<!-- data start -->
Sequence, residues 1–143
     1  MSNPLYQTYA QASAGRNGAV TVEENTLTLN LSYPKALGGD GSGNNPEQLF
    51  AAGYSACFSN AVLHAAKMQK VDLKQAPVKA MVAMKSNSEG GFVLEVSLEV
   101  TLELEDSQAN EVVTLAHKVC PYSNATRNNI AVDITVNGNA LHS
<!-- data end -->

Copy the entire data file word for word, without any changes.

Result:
Sequence, residues 1–143
     1  MSNPLYQTYA QASAGRNGAV TVEENTLTLN LSYPKALGGD GSGNNPEQLF
    51  AAGYSACFSN AVLHAAKMQK VDLKQAPVKA MVAMKSNSEG GFVLEVSLEV
   101  TLELEDSQAN EVVTLAHKVC PYSNATRNNI AVDITVNGNA LHS